While the new year is here, since we outlined your favorite stories of the past year in the recent Reader's Picks rundown of our Top 10 Stories of 2016, we put the question to the editors and contributors behind the slate of stories rolled out on CanoeKayak.com 365 days of this last year: What were the stories that mattered to you most? Was there something that exceeded your click-ey expectations, something that struck an emotional chord, or perhaps something that our readers might have missed in the daily barrage of media battling for their attention? Something that deserves a second look.
CONTRIBUTING EDITOR JOE POTOCZAK:
There are individuals whom without hesitation are willing to make the ultimate sacrifice in the fight for the free-flowing rivers of their communities – rivers that run through the same veins in which their blood flows. The profile of Zacarias Cumbia C'hamik, and the ongoing struggles of the Rio Maranon, shines a light on such an individual and the river for which some have already given their life to save. Runner-up has to be the extended interview with trans-Atlantic kayaker Aleksander Doba. No paddler today so fully embodies the spirit of adventure as Doba. This conversation illustrates why.
CONTRIBUTING EDITOR NATALIE WARREN:
The things that draw me in are usually related to women on adventures, races, expedition updates, and if there is a greater environmental/therapeutic/big picture idea tied to paddling. Obviously given my series on North America's (Next) Best Paddling Towns, I like articles that are accessible to a broad audience beyond the hardcore group of whitewater paddlers. From an outreach standpoint, it makes watercraft adventures seem more doable to readers, who will hopefully be inspired to go on a similar adventure!
CONTRIBUTING PHOTOGRAPHER DAVID JACKSON:
Anything related to Boomer. I'm always interested in what he's doing, like that Baffin Island double-date. He and Sarah are two epic humans and you know they are genuine. Stepping back you realize with some people's clout that certain things aren't as authentic on a sponsored trip, but then there are people like Boomer and Sarah, and people like Mike Ranta out there, just going to do things that are wild, and that's so good to see when everything seems driven by the sponsor dollar.
EDITOR-AT-LARGE EUGENE BUCHANAN:
How about the behind-the-scenes look at one of the coolest non-water kayak vids you'll see? Kids: Don't try this at home; there's not a whole lot of control.
EDITOR-AT-LARGE CONOR MIHELL:
I would say Jeff Moag‘s Guinness expose was the most significant story of the year: great reporting on an interesting topic. Finally some rich context added to the “longest trip” debate.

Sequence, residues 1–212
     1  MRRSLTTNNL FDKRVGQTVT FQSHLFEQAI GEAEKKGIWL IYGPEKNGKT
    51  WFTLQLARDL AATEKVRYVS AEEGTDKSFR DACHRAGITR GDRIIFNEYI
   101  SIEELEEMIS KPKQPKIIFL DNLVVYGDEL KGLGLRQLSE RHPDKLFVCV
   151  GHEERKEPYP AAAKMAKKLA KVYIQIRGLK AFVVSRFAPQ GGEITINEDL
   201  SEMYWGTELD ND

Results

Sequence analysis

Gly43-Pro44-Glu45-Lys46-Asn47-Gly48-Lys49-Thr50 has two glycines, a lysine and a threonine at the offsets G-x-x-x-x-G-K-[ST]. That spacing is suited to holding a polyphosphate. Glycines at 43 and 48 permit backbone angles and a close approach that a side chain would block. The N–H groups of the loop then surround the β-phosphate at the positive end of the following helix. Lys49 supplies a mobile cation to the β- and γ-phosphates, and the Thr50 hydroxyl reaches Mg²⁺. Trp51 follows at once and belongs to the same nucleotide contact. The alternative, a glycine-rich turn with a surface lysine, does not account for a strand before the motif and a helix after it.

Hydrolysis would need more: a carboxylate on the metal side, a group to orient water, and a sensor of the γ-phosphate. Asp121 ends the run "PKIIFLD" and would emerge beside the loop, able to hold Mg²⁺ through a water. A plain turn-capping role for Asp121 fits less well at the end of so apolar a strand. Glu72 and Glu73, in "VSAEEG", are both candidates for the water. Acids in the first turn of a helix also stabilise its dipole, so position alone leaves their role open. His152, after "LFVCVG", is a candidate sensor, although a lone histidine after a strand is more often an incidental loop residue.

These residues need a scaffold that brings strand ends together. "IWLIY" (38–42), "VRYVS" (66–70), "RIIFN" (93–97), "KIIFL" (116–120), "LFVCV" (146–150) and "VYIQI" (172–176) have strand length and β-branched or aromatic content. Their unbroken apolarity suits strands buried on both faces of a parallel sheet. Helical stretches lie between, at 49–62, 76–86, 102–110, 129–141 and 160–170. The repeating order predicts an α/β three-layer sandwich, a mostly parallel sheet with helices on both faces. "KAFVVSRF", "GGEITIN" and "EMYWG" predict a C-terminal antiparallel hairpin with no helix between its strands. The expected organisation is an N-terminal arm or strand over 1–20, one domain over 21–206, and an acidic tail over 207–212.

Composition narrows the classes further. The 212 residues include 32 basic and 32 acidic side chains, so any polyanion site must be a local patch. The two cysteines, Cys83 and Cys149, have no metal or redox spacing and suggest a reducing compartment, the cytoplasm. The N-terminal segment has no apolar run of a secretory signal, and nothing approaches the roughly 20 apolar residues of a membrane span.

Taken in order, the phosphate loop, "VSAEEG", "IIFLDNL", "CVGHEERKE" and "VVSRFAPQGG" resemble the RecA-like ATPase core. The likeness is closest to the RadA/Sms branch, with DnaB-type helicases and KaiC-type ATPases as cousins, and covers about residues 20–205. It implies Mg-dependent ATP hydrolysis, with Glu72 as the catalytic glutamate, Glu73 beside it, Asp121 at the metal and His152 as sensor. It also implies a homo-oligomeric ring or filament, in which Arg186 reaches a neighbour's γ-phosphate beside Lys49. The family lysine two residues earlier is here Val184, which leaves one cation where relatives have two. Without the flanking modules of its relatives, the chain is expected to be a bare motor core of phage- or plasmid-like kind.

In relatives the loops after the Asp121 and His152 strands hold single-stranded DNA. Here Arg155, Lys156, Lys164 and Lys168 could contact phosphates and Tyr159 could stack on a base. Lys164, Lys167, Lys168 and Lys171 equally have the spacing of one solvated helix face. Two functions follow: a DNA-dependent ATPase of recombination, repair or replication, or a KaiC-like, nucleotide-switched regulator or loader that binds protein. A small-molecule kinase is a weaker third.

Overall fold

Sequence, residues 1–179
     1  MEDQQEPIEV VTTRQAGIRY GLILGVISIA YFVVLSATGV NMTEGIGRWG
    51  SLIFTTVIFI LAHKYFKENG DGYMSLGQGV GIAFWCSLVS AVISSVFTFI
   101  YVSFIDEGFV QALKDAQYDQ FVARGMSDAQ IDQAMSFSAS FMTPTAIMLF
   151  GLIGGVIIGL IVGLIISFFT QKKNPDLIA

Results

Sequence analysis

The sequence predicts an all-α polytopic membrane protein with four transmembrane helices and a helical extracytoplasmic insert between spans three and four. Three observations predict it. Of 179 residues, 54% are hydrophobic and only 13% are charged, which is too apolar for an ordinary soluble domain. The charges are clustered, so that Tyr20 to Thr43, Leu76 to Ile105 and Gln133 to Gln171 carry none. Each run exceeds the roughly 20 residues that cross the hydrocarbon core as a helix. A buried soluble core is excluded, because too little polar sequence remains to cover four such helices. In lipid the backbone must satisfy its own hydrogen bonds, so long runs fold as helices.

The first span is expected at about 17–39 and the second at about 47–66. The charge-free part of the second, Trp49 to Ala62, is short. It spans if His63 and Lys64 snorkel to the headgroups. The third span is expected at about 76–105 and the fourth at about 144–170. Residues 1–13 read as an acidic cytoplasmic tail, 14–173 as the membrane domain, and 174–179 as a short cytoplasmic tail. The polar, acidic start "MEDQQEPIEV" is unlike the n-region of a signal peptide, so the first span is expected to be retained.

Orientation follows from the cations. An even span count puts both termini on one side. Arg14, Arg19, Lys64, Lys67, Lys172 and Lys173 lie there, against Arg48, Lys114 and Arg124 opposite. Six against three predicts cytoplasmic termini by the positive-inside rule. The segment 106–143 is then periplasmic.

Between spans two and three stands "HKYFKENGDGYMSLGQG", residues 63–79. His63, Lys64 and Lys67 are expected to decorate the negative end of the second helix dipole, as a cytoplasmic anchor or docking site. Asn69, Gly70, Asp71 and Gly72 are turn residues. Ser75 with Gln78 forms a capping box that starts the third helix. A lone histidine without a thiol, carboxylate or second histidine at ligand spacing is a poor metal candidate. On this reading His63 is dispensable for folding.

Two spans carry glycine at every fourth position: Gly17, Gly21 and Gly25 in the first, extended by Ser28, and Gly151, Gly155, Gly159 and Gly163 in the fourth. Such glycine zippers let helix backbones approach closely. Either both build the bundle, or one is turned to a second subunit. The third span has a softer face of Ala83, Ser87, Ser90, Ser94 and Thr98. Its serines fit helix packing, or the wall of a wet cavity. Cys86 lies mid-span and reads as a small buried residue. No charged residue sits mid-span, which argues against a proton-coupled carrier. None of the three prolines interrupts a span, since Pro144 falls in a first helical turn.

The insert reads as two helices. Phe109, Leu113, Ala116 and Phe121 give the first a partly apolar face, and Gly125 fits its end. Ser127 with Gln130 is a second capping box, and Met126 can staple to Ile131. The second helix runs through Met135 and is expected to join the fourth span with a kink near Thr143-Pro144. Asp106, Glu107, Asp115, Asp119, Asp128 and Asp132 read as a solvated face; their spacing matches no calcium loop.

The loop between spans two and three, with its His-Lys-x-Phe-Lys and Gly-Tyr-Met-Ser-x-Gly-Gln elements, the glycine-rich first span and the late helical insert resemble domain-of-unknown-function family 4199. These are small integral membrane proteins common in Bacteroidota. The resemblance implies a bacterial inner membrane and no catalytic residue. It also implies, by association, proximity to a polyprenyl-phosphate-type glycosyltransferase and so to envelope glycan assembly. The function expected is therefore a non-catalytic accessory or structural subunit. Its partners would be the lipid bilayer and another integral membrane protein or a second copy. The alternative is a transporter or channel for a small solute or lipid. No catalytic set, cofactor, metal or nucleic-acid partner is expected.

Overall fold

PHOTO EDITOR AARON SCHMIDT:
Couple of my faves would be Zak and Will Stauffer-Norris's piece The Confluence, our Healing Waters video/digital feature, our look at Georgia's newest whitewater park, Caitlin Looby’s recent story on the Boundary Waters, Kevin McHugh's immersive outrigger journey in Masters of Molokai, David Jackson’s photo-journalism from the Standing Rock protests, and Erik Boomer's two-part photo essay Into the Tian Shan. But really, as a photo editor I get the first view at so many great pictures from the paddling community and unfortunately there just isn’t enough print space to give all these great photographers their due. So starting the Photo of the Day program is in part, for me, a way to give back and let some of these forgotten moments be seen by a greater audience, plus each featured photographer gets a nod with a bio and links to their websites and Instagram handles. I encourage you to check out the #CKPOD program and learn about the hard-working cadre of photographers that brings C&K to life.
ONLINE EDITOR ZAK PODMORE:
I'm proud to share rich, sensory-stimulating digital features that combine great writing with photos and video that jumps off the screen. Gotta give a plug to our recent Healing Waters package, in which Dave Shively captures the struggles of veterans–and the redemptive power of paddling.
EDITOR DAVE SHIVELY:
Though it was a few days shy of the 2016 cutoff, I have to go with Christian Knight's moving piece on how, and why, he has raised his daughter to paddle. It struck a real chord as my wife and I had a daughter of our own seven months ago. I've gotten the chance to work and paddle with Christian over the years and if I can be half the dad (or half the kayaker, for that matter) that he is, I'll have accomplished something.